NURS 6630 Assignment Study Guide for Medication Treatment Schizophrenia Spectrum and Other Psychosis Disorders

NURS 6630 Assignment Study Guide for Medication Treatment Schizophrenia Spectrum and Other Psychosis Disorders

may impede the absorption of olanzapine, such as non-smoking women, or who are more pharmacodynamically responsive to olanzapine, the suggested beginning dose is 5 mg (Guzman, n.d.). The suggested beginning dose of oral olanzapine for teenagers is 2.5 or 5 mg, with a goal dose of 10 mg/day, and it should be given once daily without regard to meals. The drug is not recommended for children and during pregnancy.


For any particular medication, understanding the idea of half-life is helpful in calculating steady-state levels and excretion rates. The half-life of olanzapine ranges from 21 to 54 hours, with a typical of 30 hours. The stable plasma levels of olanzapine are reached after roughly a week of daily treatment. Olanzapine thus exhibits linear pharmacokinetics within the FDA-approved dosing range (Thomas & Saadabadi, 2022).

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Side Effects

Possible side effects include increased hunger, constipation, sore throat, dizziness, lightheadedness, stomach discomfort, and weight gain. The likelihood of falling might rise if one feels lightheaded or dizzy.


Patients who have a known sensitivity to olanzapine or drugs in its class should not use it. Olanzapine carries a black box warning for dementia-related psychosis. Due to a higher risk of death, olanzapine should not be administered to elderly dementia sufferers who also exhibit psychotic symptoms (Thomas & Saadabadi, 2022). Additionally, doctors should prescribe this drug cautiously in patients who are obese or even have diabetes owing to the negative consequences of gaining weight and metabolic disorders.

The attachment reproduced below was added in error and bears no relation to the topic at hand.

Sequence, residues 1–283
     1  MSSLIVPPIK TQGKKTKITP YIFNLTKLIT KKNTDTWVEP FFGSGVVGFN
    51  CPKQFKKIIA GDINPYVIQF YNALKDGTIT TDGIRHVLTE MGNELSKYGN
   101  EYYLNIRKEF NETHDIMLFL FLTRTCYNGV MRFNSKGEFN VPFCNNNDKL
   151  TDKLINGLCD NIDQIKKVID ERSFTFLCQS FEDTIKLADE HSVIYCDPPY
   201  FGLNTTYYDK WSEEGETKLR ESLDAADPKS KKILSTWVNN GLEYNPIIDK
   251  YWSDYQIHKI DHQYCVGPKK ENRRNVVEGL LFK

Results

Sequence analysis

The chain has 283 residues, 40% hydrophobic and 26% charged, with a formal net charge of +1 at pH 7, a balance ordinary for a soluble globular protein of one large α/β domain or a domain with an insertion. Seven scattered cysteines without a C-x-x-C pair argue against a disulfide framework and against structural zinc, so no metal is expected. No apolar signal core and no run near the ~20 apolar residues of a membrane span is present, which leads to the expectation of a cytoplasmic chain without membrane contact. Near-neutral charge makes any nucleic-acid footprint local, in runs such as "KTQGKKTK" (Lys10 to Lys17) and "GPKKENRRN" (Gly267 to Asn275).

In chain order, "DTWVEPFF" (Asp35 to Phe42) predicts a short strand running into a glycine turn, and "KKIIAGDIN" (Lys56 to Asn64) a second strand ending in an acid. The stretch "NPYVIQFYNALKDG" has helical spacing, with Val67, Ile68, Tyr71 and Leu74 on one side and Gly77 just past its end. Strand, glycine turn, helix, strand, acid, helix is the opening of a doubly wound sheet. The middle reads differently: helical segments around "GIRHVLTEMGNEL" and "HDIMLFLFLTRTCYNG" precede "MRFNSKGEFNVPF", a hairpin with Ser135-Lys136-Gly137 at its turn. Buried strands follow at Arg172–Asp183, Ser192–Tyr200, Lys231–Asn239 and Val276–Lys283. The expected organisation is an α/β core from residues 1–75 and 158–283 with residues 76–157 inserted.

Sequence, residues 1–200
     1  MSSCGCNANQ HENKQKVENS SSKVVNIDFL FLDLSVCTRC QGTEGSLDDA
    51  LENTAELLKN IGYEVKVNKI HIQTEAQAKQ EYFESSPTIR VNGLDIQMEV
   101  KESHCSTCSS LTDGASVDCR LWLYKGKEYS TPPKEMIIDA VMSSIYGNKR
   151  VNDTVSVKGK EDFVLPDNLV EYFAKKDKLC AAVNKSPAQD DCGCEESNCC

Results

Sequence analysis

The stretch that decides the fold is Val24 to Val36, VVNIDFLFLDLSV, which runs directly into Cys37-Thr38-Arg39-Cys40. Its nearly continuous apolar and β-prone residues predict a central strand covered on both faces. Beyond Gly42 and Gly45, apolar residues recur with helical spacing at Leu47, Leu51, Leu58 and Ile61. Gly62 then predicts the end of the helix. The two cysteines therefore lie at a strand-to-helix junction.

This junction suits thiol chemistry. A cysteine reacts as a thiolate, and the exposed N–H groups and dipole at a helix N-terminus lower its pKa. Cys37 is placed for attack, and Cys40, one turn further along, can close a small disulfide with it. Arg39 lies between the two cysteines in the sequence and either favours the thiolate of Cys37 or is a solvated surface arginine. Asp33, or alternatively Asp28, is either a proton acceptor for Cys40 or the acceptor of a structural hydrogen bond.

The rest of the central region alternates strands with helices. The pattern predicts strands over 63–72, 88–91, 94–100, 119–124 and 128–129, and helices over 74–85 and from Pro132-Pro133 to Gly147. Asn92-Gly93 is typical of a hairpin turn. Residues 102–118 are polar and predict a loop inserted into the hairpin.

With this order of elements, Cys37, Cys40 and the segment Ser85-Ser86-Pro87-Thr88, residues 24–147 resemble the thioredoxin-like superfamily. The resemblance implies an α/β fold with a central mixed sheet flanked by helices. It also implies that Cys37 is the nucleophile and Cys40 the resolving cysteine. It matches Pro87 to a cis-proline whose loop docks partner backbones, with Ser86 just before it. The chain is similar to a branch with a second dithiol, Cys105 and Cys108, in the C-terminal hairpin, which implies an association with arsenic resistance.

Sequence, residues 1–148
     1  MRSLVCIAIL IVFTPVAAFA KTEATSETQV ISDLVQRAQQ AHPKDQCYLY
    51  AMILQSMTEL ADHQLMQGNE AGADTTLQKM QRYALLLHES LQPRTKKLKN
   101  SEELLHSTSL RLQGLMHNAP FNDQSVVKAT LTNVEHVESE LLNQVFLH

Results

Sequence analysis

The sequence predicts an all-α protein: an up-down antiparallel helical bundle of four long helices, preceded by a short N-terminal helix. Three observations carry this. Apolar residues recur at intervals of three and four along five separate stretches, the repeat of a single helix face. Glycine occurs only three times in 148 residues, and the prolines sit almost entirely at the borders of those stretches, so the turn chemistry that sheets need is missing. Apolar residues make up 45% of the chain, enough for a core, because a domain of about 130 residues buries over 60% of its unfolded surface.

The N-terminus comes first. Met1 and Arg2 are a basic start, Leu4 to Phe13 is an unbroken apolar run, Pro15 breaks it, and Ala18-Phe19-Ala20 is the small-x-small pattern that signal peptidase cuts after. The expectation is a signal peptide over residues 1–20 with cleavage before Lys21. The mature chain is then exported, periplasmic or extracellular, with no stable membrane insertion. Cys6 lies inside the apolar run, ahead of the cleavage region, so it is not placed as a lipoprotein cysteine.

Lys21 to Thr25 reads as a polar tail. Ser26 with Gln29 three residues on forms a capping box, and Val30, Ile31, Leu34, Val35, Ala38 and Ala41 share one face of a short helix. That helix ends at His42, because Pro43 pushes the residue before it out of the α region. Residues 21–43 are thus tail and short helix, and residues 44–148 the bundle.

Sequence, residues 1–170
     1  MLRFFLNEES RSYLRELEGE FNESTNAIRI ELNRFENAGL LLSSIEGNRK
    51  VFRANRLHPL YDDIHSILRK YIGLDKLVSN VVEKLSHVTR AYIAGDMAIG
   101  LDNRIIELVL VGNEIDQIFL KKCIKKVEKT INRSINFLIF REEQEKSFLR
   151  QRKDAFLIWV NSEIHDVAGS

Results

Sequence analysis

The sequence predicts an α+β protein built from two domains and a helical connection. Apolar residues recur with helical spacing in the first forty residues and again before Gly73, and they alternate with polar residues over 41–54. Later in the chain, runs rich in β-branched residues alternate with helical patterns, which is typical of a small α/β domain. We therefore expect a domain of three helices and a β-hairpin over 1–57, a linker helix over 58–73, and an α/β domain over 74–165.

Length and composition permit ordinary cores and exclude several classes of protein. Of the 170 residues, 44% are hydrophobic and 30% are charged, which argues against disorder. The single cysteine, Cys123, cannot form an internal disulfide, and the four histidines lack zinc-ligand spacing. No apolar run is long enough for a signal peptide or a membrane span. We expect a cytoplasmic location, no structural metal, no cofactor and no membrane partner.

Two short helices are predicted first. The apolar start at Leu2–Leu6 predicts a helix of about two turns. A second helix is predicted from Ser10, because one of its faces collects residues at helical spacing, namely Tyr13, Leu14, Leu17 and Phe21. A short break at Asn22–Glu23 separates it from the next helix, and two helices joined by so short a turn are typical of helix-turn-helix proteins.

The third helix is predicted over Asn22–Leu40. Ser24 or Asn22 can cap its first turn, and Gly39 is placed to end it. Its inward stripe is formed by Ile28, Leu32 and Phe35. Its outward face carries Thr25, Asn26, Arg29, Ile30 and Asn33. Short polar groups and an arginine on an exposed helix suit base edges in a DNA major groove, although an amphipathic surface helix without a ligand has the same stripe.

CNS depression with drowsiness, impaired vision, hypotension, respiratory depression, neuroanatomical and antispasmodic effects, as well as unusually high temperature are the most typical symptoms that come from olanzapine overdose.

Diagnostics and labs monitoring

The concentration of olanzapine in the blood is dose-dependent, but many other factors can have a significant impact on its level in the blood. For this reason, when prescribing olanzapine, it is advisable to conduct drug monitoring. Diagnostics and lab monitoring of olanzapine are of particular importance in the absence of response to therapy with this drug. In such a situation, a low concentration of the drug in the blood may indicate non-compliance of the patient with the drug regimen. Drug monitoring allows one to timely adjust the dose of the drug and prevent the occurrence of side effects. This is of particular importance, given that the development of side effects often leads to the patient’s reluctance to follow the drug regimen and self-withdrawal of the drug.